‘I was even starting to think in Japanese’

January 9, 2017


Nicholas Boldt ’18 (at center, front row) and his housemates in Osaka dress up in Japanese traditional clothing. They also tried out traditional instruments -- the koto (stringed) and taiko (drum). 

The CET Summer in Japan program literally immerses students in the local culture of Osaka. Participants take intensive language classes, live with a local roommate, and uphold a full-time pledge to speak only Japanese.

This approach certainly paid off for Nicholas Boldt ’18, a biomedical engineering student, who participated in the program during the summer of 2016.

“I was placed in a situation in which I had to speak Japanese to live day to day,” he said. “The classes were particularly interesting, but not easy; with a handful of other classmates we did a rigorous program that had us doing interviews at famous places, going to an elementary school, and giving several presentations - all in Japanese of course.”

““By the time I left the program I was even starting to think in Japanese.”

And he had gained course credits that he could transfer here for his minor in Japanese.

This was Boldt’s first trip abroad, allowing him to experience a different culture firsthand and “live a life that was completely different from anything I’d experienced here in America.”

“Being in a situation where I had to watch my living expenses, while living with others who had their own habits, helped me to become more responsible,” Boldt said. “Additionally, my interviews and presentations in Japanese, along with living without relying on my friends and family, helped me gain a self-confidence and self-reliance that has changed my life for the better.”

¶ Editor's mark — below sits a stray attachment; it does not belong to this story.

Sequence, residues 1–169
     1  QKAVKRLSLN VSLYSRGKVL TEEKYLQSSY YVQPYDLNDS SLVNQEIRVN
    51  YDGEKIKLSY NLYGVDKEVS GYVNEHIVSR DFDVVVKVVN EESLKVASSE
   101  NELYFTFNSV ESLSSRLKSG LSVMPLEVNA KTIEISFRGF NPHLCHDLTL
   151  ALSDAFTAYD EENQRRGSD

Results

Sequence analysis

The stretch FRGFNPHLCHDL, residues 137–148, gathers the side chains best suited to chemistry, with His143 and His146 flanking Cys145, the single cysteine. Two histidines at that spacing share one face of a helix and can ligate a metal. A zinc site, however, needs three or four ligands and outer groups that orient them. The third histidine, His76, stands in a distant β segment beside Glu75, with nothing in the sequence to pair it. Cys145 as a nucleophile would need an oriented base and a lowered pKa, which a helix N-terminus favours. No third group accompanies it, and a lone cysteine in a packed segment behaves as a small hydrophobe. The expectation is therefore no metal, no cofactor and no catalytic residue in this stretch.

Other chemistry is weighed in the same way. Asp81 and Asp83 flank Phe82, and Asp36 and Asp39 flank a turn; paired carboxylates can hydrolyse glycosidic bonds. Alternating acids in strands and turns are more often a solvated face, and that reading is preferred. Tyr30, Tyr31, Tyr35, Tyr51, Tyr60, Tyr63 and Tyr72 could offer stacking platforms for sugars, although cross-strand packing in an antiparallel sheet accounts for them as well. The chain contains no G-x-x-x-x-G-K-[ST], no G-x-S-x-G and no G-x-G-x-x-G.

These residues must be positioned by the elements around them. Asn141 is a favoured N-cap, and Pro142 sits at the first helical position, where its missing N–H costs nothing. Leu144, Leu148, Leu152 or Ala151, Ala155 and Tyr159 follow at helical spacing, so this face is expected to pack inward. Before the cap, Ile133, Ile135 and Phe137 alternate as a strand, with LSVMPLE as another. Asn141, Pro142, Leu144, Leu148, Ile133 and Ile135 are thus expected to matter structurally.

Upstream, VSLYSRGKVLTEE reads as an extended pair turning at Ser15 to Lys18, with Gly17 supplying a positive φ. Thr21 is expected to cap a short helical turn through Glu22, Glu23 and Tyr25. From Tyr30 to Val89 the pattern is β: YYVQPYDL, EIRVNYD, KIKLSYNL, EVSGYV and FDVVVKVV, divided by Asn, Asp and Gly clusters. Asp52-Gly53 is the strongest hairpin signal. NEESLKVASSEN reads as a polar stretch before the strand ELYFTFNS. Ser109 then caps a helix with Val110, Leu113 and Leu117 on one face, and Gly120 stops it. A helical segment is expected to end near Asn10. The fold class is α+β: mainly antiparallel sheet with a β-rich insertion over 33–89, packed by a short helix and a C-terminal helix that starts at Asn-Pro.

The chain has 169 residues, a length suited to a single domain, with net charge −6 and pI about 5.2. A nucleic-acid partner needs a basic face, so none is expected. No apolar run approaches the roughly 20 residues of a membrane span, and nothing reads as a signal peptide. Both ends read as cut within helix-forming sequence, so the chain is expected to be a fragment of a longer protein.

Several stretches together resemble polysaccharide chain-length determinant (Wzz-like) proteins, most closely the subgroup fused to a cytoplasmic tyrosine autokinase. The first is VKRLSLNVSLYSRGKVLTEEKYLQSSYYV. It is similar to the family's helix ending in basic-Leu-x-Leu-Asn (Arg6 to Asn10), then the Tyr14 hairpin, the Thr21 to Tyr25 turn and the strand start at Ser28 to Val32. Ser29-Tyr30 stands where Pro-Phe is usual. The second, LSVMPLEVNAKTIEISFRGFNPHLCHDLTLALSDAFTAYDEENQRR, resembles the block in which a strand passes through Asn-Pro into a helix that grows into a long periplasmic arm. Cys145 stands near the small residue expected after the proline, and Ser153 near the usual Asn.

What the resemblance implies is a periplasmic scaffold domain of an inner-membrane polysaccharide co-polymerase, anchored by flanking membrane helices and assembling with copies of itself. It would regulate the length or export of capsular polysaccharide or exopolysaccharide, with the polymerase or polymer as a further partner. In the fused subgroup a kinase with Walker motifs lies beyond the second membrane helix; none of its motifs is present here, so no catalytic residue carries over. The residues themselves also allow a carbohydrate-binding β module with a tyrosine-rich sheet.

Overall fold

Boldt received scholarships from both the Gilman and Freeman Asia programs, totaling $8,000, “which almost covered my program’s cost, so I only needed to pay for airfare and living expenses.” Applying for these scholarships and the CET program entailed writing lengthy essays, he added, “however, I made sure to meet with my study abroad advisor often and well ahead of all my deadlines, so I had plenty of time to draft strong applications.”

His advice to other students in biomedical engineering and related majors would be to plan on studying abroad sometime before their junior year, if possible, in order to have time during the subsequent semesters and summer for internships and research. “However, for the purposes of learning and practicing my Japanese language abilities,” Boldt said, “it was definitely beneficial to study abroad after having a couple years of formal classes at the University of Rochester, so that I could focus on the advanced practical applications of the language.”

During his summer in Osaka, Boldt was able to visit national parks, summer festivals, and game centers. His favorite activity? Renting a karaoke booth with friends for hours at time. “I was probably the most tone-deaf person there. However, despite my terrible singing we all still had fun. There is a cultural aspect to karaoke in that people respect everyone’s efforts. Even when I fumbled in Japanese, I was encouraged to carry on and keep trying.

“I can still vividly remember those nights, and I can’t wait to return and sing some more.”


At left, Boldt visits the Pokemon Center at Expo City in Suita, Japan. At right, the Todai-ji Buddhist temple in Nara, Japan.